String instruments are individuals, and even if it is the same violin model, it can sound and feel different, therefore buying your violin from a shop that specializes in string instruments is a very good idea. Don’t go to one of these shops that have two hundred electric violins and electric guitars to choose from, but only two violins, go to somebody who knows what they’re doing. Make sure to head to the best violin shops in town!

Try the violins out and compare them to one another. If you don’t really play at all yet, ask a member of the staff if they can play something for you so that you can compare them.

If this feels daunting and difficult, as we imagine it can do for a beginner, and you just want to buy a violin that does the job, then ordering violins online might actually be cheaper than buying in a physical shop. Select a few different violins from our list that you are interested in and have a look at and perhaps even at YouTube so that you can read more about them and even listen to them being played.

If you use this information wisely you will not only find a good violin, but also take care of it in such a way that it will be a companion for many years to come!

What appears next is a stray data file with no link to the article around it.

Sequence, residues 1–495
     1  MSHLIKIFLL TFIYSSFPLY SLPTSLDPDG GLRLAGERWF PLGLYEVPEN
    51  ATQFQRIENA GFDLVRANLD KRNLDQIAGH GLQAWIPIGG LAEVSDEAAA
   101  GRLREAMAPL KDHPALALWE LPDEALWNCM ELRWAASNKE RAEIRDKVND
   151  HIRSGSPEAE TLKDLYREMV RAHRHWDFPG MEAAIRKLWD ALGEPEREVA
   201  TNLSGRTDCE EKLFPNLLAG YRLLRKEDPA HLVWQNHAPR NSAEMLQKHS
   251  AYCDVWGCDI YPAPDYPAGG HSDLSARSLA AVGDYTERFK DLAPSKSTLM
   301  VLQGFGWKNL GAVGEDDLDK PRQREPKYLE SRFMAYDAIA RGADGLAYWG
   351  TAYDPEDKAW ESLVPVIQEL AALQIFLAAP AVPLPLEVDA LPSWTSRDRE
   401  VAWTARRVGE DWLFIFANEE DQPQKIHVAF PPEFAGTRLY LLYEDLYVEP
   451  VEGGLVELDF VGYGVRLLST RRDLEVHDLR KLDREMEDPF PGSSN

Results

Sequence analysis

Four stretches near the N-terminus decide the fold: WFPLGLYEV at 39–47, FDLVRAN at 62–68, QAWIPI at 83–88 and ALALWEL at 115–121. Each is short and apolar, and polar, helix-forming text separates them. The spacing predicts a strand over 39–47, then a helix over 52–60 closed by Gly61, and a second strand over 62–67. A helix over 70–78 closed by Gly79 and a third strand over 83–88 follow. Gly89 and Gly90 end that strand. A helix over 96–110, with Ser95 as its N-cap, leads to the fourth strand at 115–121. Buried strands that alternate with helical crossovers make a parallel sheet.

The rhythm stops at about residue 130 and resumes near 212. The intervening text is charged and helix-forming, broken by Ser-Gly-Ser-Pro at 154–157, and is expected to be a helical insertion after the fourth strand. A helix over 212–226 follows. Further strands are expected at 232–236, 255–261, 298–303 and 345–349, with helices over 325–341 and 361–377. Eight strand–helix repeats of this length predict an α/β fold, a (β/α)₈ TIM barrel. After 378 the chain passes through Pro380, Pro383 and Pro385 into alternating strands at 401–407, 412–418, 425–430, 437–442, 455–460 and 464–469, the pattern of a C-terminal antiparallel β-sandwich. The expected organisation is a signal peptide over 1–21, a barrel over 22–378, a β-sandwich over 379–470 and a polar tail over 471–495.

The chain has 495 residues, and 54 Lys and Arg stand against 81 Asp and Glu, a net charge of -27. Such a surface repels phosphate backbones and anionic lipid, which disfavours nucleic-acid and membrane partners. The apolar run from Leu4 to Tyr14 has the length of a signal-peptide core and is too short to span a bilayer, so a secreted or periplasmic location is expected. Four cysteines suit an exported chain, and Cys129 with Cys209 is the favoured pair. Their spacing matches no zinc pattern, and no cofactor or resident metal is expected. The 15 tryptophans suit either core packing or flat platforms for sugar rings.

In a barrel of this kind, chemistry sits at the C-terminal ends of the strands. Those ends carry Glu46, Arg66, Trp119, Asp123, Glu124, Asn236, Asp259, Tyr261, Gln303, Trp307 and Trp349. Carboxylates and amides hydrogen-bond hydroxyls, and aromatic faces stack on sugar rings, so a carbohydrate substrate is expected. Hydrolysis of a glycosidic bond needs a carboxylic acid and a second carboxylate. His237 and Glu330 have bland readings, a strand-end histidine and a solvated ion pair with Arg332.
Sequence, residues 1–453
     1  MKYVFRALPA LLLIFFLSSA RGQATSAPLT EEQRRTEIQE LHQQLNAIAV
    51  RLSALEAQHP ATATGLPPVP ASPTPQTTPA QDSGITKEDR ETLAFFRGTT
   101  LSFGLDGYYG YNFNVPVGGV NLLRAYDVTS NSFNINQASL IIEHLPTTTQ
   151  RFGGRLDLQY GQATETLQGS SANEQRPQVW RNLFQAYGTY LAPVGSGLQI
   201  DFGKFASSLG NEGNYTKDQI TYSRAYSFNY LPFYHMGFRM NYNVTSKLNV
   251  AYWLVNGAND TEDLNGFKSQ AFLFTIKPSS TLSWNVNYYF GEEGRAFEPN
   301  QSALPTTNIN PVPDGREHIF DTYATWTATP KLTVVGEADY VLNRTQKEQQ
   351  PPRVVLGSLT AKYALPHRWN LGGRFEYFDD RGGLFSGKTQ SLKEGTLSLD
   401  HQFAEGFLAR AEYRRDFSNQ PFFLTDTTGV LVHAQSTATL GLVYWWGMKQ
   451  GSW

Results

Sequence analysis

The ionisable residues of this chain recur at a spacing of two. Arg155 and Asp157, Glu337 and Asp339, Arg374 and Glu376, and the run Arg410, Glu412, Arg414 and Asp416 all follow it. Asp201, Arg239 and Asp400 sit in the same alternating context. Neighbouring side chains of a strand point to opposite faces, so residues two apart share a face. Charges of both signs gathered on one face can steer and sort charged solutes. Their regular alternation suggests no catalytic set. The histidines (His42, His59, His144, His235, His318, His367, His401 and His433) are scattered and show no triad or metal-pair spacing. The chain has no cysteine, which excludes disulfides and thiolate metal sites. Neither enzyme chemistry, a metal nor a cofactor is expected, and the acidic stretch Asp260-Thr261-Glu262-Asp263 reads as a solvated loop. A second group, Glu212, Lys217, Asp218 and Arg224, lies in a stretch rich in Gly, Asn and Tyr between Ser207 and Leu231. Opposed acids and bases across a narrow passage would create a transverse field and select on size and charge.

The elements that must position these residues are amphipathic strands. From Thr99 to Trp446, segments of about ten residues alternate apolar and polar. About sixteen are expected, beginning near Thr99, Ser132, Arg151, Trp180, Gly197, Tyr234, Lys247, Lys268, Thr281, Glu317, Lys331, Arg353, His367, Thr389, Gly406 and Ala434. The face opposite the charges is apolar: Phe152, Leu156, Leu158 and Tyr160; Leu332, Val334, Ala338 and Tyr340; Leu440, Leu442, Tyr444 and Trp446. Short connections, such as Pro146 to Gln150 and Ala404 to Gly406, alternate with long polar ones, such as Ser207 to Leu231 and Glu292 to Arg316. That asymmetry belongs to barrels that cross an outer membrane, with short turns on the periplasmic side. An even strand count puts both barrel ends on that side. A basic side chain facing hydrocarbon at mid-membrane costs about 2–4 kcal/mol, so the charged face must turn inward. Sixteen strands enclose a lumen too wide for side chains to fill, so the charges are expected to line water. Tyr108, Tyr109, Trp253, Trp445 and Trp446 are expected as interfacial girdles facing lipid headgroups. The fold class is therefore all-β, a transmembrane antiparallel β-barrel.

Violin Size Comparison

Violins come in different sizes. But how is it possible to know which size you or your child needs?

Violin size comparison guideIf you’re and adult you need a full size, also called 4/4. If the violinist is a child you need to measure the length between his neck and the middle of his left-hand palm. This is the biggest violin he could use. (Might be good to know if you want to save some money and get a violin he can have for some time while still growing.)

You should also measure from his neck to his wrist. This is the most comfortable violin he could use. Then you need to compare these measurements with the following sizes:
3 /4 (22”), 1 /2 (20”), 1 /4 (18,5”), 1/8 (16,5”), 1/10 (15”), 1/16 (14”), 1/32 (13”). The smallest size is 1/64, so if your child’s measure is smaller than 13” that’s the size it needs.

If you have a violin teacher, don’t hesitate to ask him or her for help, he or she might even have violins in different sizes that you can try.